22 April 2013

Since 6th April you're better off...

....probably - since the personal allowance for income tax has increased by £1,335 to £9,440. That increases the amount of your income which is not subject to tax, and means you pay £267 per year less tax (if you have an annual income higher than £9,440).
Lots of people say they can't afford to save, but saving is mostly about small regular sums, so why not put that into a savings account as a start? It equates to £22.25 per month.
The headlines from the recent Budget included 1p off a pint of beer. To get the same benefit from that as from the personal allowance increase, you would have to be a drinker of 27,600 pints each year!

18 April 2013

Annuity Rates Increasing?

The latest MGM Advantage Annuity Index shows that average annuity rates have actually increased by 3% in the first quarter of 2013.

That's the first increase for two years!

To demonstrate how bad things have become, here's a comparison of an annuity purchase this year and in 1998, with a sum of £50,000:

March 1998: £4,885 per year
March 2013: £2,875 per year

Equally amazing is that you would expect to live 3 years longer if you are 65 in 2013 than someone who was 65 in 1998.

For advice on the best approach to getting an income in 2013, get in touch:

15 April 2013

Flat Rate State Pension Confusion

Although we gave our view that the new flat rate State Pension was basically a good thing (see our previous blog from January), there are still some significant unknowns about it. Here are some (thanks to Investors Chronicle).

Firstly, Pension Credit (which currently tops up a low pension income on a means-tested basis) will not exist in the new system. Some people will therefore be worse off than they would have been. Will there be any transitional protection to reduce the pain? The DWP Select Committee thinks we should know.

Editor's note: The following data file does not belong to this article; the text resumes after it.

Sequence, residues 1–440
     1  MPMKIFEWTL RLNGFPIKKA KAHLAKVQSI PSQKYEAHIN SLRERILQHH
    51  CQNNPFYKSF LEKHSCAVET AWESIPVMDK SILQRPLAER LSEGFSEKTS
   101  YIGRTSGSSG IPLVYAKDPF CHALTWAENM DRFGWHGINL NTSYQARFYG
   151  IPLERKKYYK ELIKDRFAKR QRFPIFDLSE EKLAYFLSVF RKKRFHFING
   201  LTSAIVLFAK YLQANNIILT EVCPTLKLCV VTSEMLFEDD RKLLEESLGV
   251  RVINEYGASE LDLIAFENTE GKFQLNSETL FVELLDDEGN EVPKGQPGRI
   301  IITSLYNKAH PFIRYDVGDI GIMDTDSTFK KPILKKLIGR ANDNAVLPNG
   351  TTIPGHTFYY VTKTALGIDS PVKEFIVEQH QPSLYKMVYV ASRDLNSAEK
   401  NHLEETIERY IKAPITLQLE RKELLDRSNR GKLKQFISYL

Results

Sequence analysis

Secondly, under the present system you don't have to take your State Pension at SP age. You can defer it and receive a higher amount later - which is sometimes a good financial planning strategy. We don't know whether you will still be able to do this in the new system.

Thirdly, where women were relying on their husband's National Insurance contributions to give them a Basic State Pension entitlement, they will not be able to do the same with the flat rate system. Should women within 15 years of State Pension Age be allowed to retain this right, since they will not have enough time to do anything about it?

Finally, here's some key fact about the new system:
  • It comes into force on 6th April 2016
  • Men born on or after 6th April 1951 will collect their SP under the new system.
  • For women it's those born on or after 6th April 1953
  • You need 35 years of NI contribs for a full entitlement (currently 30 years)

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